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Rights Groups Complain of NGO Harassment in Kenya

FILE - Kenyan President Uhuru Kenyatta, addresses a news conference at the State House in Nairobi, Dec. 2, 2014.

A group of human rights organizations, including Human Rights Watch, Amnesty International and Kenya's National Civil Society Congress, has complained to the Kenyan government about the "harassment and intimidation" of two nongovernmental organizations.

In a statement released Thursday, the groups criticized Nairobi for freezing the bank accounts of the groups Haki Africa and Muslims for Human Rights, also known as MUHURI. The statement said Kenya has placed the two groups on an official list of alleged supporters of terrorism.

It also said Kenya's national regulatory authority for nongovernmental groups canceled the registration of the two organizations on May 28, claiming they underreported their income.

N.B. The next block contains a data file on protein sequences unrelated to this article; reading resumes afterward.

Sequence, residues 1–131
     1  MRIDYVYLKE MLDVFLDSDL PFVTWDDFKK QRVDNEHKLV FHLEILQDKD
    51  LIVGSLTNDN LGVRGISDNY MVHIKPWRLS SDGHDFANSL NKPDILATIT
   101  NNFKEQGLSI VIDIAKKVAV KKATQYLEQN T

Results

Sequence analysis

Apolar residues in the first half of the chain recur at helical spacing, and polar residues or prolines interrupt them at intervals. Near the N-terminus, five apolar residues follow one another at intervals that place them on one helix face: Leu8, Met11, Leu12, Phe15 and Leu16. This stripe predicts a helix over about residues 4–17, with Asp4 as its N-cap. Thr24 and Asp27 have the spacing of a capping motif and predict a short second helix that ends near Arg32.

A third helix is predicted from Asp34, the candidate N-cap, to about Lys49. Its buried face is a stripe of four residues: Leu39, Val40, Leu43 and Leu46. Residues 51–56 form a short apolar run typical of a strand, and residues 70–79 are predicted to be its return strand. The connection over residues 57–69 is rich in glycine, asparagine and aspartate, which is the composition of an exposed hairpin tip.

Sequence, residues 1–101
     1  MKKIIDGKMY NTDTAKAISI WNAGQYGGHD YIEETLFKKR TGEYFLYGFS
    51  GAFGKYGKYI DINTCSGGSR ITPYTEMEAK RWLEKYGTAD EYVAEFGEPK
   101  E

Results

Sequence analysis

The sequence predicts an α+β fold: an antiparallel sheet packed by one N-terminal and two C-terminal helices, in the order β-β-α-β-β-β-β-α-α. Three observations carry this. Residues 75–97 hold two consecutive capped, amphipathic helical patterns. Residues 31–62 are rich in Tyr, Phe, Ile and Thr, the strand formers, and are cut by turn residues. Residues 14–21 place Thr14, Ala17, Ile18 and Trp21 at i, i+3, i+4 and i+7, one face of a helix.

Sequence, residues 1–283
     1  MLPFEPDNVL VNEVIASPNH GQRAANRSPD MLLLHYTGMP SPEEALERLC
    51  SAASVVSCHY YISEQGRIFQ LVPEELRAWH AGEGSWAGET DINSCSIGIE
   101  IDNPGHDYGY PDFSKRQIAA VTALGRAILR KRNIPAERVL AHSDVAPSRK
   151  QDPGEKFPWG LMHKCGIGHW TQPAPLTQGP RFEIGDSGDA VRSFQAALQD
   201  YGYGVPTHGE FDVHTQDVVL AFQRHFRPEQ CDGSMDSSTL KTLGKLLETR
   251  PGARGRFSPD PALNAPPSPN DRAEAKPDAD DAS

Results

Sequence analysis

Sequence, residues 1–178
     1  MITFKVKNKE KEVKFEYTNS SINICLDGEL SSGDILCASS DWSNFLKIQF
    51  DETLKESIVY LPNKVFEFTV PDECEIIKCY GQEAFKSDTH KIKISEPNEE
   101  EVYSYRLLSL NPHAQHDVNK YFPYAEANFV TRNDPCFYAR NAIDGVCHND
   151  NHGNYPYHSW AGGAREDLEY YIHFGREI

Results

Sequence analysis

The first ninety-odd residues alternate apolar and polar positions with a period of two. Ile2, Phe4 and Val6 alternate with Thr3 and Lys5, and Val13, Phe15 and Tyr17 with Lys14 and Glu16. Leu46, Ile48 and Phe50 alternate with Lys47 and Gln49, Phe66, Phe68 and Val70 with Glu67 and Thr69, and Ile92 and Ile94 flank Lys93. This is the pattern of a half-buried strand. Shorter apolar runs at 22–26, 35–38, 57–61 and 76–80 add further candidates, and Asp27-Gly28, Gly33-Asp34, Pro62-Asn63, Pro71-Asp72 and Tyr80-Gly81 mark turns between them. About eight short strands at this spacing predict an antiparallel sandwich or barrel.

But the human rights groups dispute that, saying Haki Africa and MUHURI were operating openly as part of other organizations, and have consistently filed tax returns with the board and posted the returns online.

The statement said the two Mombasa-based groups have been "consistently documenting human rights abuses" in Kenya's coastal region and have also raised allegations that security agencies have engaged in extrajudicial killings of Muslim clerics and alleged terrorism suspects.

"Rather than investing time and resources in targeting the two NGOs, Kenyan authorities should focus on addressing the concerns they have been raising," said Muthoni Wanyeki, Amnesty International's regional director for east Africa.

Kenya's NGO Corruption Board has not made a public response

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